The first and most important way to increase your bench is benching. I know this sounds very common sense, but too many individuals will search the entire web and use every exercise in the book, before they run out of ideas and realize this is the ultimate exercise to raise your bench. Benching for your bench will not only help strength increases and mass increases, but help your efficiency at executing the best form to reach your goals. When it comes to any motor patterns required for highly technical lifts, we must practice them as if they were a skill you were trying to master. With benching more, I would suggest either increasing your volume in the session (amount of sets and reps) or increasing your frequency of the lift. Increasing the frequency of the lift with the same weekly volume has been proven both through research and experience to increase strength for a specific lift. Raising your bench frequency to three times a week and only 5 sets per session rather than 15 sets on one day can be very beneficial for practice and hypertrophy. Then sets and reps might total the same weekly, but the increased practice from the frequency and the increased weights used by being more “fresh” each session will aid in further progress towards your goal.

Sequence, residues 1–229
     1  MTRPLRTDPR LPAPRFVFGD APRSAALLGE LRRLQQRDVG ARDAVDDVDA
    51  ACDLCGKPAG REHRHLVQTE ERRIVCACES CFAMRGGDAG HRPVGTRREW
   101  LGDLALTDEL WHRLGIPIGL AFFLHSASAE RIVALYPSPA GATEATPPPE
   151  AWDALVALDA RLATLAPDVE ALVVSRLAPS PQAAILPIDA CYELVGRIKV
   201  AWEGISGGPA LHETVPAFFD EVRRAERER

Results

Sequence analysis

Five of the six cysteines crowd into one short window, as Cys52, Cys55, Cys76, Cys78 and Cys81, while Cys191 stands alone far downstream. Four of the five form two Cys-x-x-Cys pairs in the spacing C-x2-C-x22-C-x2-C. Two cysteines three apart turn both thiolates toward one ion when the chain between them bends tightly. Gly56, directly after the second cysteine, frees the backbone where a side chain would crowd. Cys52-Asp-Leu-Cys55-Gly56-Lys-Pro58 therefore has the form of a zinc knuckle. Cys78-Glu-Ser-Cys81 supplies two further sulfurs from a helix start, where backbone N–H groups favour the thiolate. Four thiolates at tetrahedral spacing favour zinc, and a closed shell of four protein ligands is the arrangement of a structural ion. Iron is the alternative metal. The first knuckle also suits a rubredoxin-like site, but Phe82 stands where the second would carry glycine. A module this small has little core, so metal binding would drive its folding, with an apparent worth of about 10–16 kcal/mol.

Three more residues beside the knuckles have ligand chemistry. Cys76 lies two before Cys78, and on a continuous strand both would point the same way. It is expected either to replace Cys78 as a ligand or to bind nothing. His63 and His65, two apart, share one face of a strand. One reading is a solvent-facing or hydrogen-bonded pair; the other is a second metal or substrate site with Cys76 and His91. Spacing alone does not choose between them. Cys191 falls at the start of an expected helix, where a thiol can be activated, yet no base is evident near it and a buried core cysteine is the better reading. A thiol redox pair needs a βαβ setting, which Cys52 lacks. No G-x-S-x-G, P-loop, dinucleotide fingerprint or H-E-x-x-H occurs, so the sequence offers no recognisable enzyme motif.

Secondly, a very over looked tool for aiding in your bench would be to gain some weight. I know, I know, this world envies six packs, skinny jeans, and Bieber haircuts…but you are here to get big and strong, right? I’m not telling you to become a fat slob, but to maybe gain 5-10lbs. Though this doesn’t sound like much, this little bit of added weight can actually help your bench tremendously by aiding in your leverages with a bigger chest to touch the bar on, bigger lats to rest your elbows/triceps on, and bigger arms for your bicep/forearm to flex against one. All these three things will aid in support at the bottom of your benching where the lift is most difficult for raw lifters. (Need weight gainers?)